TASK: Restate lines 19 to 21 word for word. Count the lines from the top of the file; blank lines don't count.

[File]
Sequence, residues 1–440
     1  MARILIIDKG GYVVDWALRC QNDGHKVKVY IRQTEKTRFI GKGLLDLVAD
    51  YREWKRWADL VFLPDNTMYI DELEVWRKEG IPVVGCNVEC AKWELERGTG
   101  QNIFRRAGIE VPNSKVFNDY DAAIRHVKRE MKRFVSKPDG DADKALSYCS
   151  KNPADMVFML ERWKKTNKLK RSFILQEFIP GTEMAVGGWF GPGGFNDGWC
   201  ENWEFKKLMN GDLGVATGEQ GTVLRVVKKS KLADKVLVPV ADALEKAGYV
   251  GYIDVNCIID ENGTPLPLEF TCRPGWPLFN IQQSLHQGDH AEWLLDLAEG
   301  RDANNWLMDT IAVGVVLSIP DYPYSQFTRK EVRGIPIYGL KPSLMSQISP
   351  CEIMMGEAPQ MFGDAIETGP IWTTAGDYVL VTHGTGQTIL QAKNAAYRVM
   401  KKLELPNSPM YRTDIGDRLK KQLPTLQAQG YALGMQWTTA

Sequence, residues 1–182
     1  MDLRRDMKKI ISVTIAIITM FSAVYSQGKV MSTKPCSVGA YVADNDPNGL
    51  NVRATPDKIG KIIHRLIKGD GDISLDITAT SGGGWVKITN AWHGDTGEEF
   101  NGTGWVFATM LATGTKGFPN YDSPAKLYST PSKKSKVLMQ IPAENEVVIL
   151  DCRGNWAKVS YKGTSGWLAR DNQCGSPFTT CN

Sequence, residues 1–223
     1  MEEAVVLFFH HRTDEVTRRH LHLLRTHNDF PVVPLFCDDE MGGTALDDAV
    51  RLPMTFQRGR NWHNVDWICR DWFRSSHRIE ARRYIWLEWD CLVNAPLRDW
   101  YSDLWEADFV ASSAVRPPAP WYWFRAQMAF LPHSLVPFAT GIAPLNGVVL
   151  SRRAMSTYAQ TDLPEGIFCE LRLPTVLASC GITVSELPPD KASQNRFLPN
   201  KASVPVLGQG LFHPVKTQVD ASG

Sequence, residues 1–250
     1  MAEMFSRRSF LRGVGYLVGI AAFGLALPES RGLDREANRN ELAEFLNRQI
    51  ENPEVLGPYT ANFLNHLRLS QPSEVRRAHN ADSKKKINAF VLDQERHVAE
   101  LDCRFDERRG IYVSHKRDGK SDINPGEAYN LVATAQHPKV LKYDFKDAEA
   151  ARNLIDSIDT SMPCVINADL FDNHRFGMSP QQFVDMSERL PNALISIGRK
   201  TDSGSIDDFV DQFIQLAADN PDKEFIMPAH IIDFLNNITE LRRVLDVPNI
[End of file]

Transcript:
   101  YSDLWEADFV ASSAVRPPAP WYWFRAQMAF LPHSLVPFAT GIAPLNGVVL
   151  SRRAMSTYAQ TDLPEGIFCE LRLPTVLASC GITVSELPPD KASQNRFLPN
   201  KASVPVLGQG LFHPVKTQVD ASG